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Agencies dispute pesticide reviews

EPA questions ‘transparency’ of NMFS analysis

Mateusz Perkowski Capital Press May 7, 2009

Judging from recent headlines, it would seem that federal scientists agree about the harmful effect certain pesticides have on fish, but records show that's not the case.

In fact, two federal agencies charged with developing new restrictions on these chemicals don't see eye-to-eye about the science behind recent conclusions.

Last year, a federal judge ordered the National Marine Fisheries Service to review 37 pesticides to determine if they harm endangered salmonid species in the Northwest.

Since then, NMFS has found that each of the six pesticides it has reviewed so far poses a jeopardy to the fish.

In a November 2008 biological opinion, NMFS proposed restrictions on the use of malathion, chlorpyrifos and diazonin. A second opinion released in April proposed similar restrictions for carbaryl, carbofuran and methomyl.

The Environmental Protection Agency is expected to develop label regulations based on these proposed mitigation measures, but agency managers say they are confused about how NMFS arrived at its findings.

After receiving a draft of the most recent biological opinion, EPA's director of pesticide programs, Debra Edwards, wrote a response letter criticizing NMFS' approach.

"The draft biological opinion lacks a level of transparency necessary for EPA to understand NMFS' rational for its opinion that the use of these pesticides will jeopardize the continued existence" of the endangered fish, Edwards said in the letter, dated April 10.

NMFS seemed to use "conflicting approaches" in how it compiled the biological opinion, drawing conclusions about pesticide risk from uncertain and incomplete data, Edwards said.

The biological opinion also failed to explain why NMFS took certain studies into consideration but did not use other studies provided by EPA, she said.

Edwards also questioned how realistic NMFS was about pesticide use in agriculture.

Farmers use less pesticides than estimated in the biological opinion, since NMFS assumed growers apply the maximum amount of chemicals permitted by law, Edwards said.

"There seem to be numerous assumptions made in the draft that are not reasonably likely to occur and in fact are very unlikely to occur," she said.

According to data in the biological opinion, populations of endangered fish have actually improved, but that information doesn't seem to factor into NMFS' conclusions, Edwards said.

"Use of these pesticides has been going on for decades," she said. "If the threatened status of the species has not changed appreciably during this time period, it would appear to provide some indication that use of these pesticides are not appreciably reducing the likelihood of both survival and recovery."

Angela Somma, chief of NMFS' endangered species program, said the agency disagrees with the EPA's view that the biological opinion lacks transparency.

"At this point, we have not resolved all the issues with EPA, but we certainly have conversations about it," said Somma.

NMFS acknowledges in the biological opinion that some of the studies it considered were uncertain, she said.

However, the Endangered Species Act and subsequent legal decisions require NMFS to consider all relevant data when conducting a biological opinion, Somma said.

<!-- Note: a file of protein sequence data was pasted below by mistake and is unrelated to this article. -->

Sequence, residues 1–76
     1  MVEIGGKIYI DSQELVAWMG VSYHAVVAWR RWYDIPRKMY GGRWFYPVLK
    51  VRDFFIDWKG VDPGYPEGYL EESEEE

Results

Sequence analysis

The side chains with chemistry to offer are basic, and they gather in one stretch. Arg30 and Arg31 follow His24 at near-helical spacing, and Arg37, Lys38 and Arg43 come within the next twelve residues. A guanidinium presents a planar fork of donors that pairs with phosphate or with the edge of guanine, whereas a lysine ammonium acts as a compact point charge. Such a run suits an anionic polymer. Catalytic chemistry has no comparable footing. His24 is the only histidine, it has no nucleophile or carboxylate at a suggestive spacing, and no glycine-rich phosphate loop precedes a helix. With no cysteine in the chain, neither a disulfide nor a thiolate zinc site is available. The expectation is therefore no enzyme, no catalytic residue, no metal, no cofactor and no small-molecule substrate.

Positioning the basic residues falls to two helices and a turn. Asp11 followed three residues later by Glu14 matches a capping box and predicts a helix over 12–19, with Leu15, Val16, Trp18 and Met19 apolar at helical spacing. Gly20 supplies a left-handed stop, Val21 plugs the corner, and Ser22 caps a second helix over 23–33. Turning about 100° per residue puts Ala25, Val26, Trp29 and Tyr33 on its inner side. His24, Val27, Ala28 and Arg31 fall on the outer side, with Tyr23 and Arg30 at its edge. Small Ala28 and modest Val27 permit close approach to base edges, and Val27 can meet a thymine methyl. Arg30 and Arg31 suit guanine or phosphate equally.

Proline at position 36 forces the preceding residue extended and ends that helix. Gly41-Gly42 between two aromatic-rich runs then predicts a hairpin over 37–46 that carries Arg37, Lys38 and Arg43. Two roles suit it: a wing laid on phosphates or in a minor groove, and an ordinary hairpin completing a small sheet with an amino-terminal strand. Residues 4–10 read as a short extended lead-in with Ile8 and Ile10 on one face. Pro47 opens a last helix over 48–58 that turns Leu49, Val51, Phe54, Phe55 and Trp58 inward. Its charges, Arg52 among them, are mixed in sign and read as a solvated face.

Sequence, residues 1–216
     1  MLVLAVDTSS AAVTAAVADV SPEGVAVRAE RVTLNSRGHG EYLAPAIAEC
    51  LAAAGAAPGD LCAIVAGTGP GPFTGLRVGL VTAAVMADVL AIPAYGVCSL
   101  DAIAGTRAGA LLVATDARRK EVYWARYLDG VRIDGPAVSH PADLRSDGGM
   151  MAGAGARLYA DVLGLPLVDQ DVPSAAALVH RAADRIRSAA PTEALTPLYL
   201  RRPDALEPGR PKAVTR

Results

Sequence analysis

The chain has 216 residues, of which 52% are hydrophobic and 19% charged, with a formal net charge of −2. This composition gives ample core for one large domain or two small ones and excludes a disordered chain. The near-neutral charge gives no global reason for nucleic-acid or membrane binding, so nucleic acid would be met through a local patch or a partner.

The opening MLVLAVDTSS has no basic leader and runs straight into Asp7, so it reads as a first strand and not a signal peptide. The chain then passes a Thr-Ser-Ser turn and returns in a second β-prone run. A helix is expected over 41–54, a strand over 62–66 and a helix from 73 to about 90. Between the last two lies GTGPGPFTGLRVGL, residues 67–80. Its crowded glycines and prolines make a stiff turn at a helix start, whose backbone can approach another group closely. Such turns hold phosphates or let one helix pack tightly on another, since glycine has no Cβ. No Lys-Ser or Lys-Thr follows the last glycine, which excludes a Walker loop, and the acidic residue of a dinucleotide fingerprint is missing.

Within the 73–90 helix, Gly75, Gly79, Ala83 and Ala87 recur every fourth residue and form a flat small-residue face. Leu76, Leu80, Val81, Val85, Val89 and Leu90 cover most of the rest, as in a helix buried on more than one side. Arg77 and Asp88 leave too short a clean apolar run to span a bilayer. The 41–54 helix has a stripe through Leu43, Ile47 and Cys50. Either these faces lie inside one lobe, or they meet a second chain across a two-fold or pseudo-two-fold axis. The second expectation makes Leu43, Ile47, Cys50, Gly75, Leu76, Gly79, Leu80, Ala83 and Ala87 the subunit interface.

"The courts have told us many times we have to look at all the information," she said.

NMFS discarded some studies provided by EPA because they were outdated, Somma said.

The positive fish population numbers may have been the result of habitat restoration and other efforts, and so did not figure into NMFS' findings, she said.

"The analysis of these pesticides is independent of these other actions," Somma said.

Joshua Osborne-Klein, an attorney for the Earthjustice environmental group, said EPA has traditionally been lax in its analysis of pesticides.

"EPA has been repeatedly criticized in the courts and by NMFS and (the U.S.) Fish and Wildlife (Service) for failing to account for all the different modes of toxicity these pesticides have," he said.

Even though the agency is dubious about NMFS' findings, Osborne-Klein is optimistic that EPA will take the mitigation measures seriously, largely because Obama administration is setting a new tone, he said.

"The trickle down from the top level appointments has not yet been felt at the decision-making level," Osborne-Klein said.

If the EPA had been sufficiently thorough in its pesticide registration process, the agency could have avoided any disruption to farmers, said Aimee Code, water quality for the Northwest Coalition for Alternatives to Pesticides, an environmental group.

"Now, they're playing catch-up," she said.

Terry Witt, executive director of the agricultural group Oregonians for Food and Shelter, said he hopes EPA will recognize the value pesticides have for farmers.

The NMFS biological opinion is overly cautious and unrealistic, he said.

"They're making every assumption in the negative and in many cases compounding assumption on top of assumption," Witt said.

It's discouraging that NMFS had not changed its approach in evaluating pesticides since the last November biological opinion, which was also criticized by EPA, said Susan Helmick, spokesperson for pesticide industry group CropLife America.

"The same problems that existed with the first bio-op exist with the second one as well," she said.
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